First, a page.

Ask many fans what they were watching as Harbour Master stretched out to a six-length mid-race lead in a rollicking Jockey Club Cup and they would say a pacemaker for victorious stablemate Werther, but the trainer of the pair was seeing something almost the polar opposite.
“Harbour Master nearly cost us the race,” said a pale John Moore after Werther (Tommy Berry) returned to winning form three weeks out from the Longines Hong Kong Cup, despite rather than due to his 100-1 tearaway stablemate.
“It wasn’t in our favour. The pace was so fast it was really testing Werther’s fitness and it was only his internal fortitude that got him through.”
The script for the designated lead-up to Hong Kong’s richest race, the HK$25 million Longines Hong Kong Cup on December 10, was laid out before the first race, when Moore had been hauled before an adjourned stewards’ inquiry into aggressive tactics at Harbour Master’s previous start in the Sa Sa Ladies Purse.
On that day, the rising eight-year-old, who had become disappointing recently in his usual back-running style, was sent on early to lay up beside leader Time Warp at a strong pace and contributed to the defeat of Time Warp. That inquiry ended with Moore telling Kim Kelly’s men that Harbour Master would continue to be ridden towards the lead and would be ridden along from the gates to get there, if necessary.
A few hours later, Moore was wearing a path in and out of the stewards’ room to express his dissatisfaction that jockey Derek Leung Ka-chun had done exactly that in the Group Two Jockey Club Cup.
Having been sent along to be with Time Warp early and then head him, Harbour Master took charge of Leung to get out to a wide lead in the middle stages and put the scares into Berry as well as Moore.
“Knowing my horse was still a bit underdone and second-up at 2,000m, I was very worried halfway down the back at how quick they were going ahead of me – then they quickened up again,” Berry said. “Joao Moreira on Time Warp was a long way in front of me and I thought if I let Time Warp get too far away, his horse might be hard to run down. So I used Werther up down the side to get nearer Joao and that took a toll on him.”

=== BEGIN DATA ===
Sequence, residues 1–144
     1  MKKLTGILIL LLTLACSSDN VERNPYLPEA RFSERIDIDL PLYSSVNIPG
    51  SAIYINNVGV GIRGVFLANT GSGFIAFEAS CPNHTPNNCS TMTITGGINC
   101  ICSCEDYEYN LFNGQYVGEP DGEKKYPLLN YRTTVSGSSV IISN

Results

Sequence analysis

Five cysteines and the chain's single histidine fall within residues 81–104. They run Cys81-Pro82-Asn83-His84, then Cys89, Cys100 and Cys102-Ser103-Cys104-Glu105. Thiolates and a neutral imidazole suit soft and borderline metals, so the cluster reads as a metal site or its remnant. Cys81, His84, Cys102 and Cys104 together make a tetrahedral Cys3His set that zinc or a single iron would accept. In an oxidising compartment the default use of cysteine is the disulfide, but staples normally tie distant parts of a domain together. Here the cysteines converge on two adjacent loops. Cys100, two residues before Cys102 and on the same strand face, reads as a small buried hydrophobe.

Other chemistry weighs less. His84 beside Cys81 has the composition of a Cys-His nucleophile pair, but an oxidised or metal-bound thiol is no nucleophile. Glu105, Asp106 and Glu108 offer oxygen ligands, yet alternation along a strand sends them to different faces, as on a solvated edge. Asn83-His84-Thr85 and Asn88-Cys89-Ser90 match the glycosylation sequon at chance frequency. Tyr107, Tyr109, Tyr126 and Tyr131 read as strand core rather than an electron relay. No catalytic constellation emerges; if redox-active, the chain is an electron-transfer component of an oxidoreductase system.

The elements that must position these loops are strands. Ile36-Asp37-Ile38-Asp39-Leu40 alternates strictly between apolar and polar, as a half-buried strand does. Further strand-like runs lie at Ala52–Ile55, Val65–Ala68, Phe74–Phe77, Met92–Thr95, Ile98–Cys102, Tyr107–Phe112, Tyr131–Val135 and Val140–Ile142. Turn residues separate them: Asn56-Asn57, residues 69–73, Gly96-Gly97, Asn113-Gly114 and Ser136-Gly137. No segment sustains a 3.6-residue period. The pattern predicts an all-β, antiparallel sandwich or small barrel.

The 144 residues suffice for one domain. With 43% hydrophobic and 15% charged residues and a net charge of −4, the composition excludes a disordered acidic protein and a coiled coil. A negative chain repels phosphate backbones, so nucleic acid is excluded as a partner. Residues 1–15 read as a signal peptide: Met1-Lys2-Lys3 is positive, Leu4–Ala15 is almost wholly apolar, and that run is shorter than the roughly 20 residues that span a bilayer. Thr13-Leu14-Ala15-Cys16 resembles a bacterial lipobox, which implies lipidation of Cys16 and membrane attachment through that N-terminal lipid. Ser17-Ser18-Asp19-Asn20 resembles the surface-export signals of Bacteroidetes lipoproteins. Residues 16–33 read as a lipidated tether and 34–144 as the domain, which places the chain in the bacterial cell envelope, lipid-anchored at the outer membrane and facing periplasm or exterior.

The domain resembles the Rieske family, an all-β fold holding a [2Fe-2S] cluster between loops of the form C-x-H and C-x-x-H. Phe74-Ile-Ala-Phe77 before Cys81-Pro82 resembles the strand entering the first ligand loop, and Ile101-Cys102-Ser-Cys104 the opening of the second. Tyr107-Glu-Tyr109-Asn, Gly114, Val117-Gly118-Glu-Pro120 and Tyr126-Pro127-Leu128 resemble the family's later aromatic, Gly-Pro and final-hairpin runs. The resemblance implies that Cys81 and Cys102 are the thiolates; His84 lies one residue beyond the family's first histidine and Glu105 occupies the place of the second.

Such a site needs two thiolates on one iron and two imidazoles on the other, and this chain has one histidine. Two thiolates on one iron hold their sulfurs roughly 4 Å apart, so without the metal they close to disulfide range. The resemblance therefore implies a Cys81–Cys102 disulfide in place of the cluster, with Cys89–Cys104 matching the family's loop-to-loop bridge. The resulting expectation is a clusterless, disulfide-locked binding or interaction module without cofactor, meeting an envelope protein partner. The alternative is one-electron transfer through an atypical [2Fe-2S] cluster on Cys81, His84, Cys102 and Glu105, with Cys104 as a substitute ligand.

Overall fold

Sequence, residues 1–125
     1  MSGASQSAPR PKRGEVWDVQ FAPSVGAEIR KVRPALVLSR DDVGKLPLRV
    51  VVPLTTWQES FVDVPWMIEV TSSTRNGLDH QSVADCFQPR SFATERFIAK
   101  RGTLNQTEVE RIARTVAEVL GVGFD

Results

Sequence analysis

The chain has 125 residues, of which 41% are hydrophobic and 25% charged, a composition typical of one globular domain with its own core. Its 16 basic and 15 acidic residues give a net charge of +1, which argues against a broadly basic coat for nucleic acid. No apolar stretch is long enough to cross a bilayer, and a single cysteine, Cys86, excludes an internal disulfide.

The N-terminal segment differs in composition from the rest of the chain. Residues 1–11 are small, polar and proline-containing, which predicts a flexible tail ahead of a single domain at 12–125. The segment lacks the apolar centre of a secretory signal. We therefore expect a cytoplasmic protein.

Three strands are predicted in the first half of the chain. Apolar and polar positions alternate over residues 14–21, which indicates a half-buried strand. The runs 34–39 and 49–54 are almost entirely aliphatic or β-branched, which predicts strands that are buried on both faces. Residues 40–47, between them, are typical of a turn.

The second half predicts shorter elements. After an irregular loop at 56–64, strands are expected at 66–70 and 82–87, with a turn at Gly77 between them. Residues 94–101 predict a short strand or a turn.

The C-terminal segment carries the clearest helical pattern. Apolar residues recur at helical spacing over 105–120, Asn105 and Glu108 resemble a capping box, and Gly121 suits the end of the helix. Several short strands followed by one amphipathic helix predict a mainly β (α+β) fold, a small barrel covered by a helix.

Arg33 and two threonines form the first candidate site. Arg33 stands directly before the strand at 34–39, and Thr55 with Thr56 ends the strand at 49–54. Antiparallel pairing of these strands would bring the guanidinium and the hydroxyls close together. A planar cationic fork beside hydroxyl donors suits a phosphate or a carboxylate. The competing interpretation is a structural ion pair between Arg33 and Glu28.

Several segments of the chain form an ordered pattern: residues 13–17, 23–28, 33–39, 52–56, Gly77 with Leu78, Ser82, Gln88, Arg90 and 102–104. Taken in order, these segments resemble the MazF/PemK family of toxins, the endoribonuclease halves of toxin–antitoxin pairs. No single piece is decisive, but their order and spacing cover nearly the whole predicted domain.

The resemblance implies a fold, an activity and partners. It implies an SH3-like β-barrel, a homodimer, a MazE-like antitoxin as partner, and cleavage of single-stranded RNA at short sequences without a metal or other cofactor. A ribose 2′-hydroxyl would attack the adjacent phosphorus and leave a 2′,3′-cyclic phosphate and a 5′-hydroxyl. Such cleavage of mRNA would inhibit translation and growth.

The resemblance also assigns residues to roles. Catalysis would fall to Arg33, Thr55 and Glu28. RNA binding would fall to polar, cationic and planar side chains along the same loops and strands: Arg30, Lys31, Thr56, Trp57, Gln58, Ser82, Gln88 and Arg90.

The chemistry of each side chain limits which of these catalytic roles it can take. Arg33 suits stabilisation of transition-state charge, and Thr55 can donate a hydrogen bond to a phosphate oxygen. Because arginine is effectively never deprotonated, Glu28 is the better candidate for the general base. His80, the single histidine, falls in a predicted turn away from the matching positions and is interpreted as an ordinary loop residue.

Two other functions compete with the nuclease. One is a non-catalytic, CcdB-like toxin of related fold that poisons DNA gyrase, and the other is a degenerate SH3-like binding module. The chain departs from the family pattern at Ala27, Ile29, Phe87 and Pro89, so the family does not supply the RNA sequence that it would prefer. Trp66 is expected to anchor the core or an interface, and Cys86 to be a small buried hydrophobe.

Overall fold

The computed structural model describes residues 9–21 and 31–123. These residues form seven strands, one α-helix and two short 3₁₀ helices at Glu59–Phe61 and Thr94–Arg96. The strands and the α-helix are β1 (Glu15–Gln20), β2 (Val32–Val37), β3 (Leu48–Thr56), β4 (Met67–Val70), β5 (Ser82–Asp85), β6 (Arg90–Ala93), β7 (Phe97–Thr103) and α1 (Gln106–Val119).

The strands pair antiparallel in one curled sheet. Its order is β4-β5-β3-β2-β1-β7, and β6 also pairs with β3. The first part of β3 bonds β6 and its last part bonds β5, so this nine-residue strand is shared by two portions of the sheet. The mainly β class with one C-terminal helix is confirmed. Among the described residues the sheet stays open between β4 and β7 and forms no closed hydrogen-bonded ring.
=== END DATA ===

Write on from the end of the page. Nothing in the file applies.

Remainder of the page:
Werther went from looking an easy winner at the 400m to finding it more of a battle in the last 150m but edged away for a neck win on the line after being run off his line once or twice by Time Warp.
“He is a horse who likes momentum, likes to stay balanced and Joao took that away from me down the straight a few times, so there was lot of merit in the win and he will tighten up again for that,” Berry said.
While the return to winning form of the former Horse of the Year and the tactics of his no-hoper stablemate – for which Leung was severely reprimanded by the stewards – were the main stories of the Jockey Club Cup, the Tony Cruz-trained Time Warp and fourth-placed Gold Mount were looking ahead.
“I think I was beaten by a better horse today,” said Moreira. “But to me, Time Warp is an immature horse still and was not beaten far by the best 2,000m horse we have here. In six months’ time, I think he will be even better.”
Gold Mount will head to the Vase over 2,400m on international day, after a deceptively good effort, charging late to just miss third.
“On the home turn, I had another of Tony’s horses, Doyeni, drop back on me and I had nowhere to go – he should have been closer,” jockey Zac Purton said.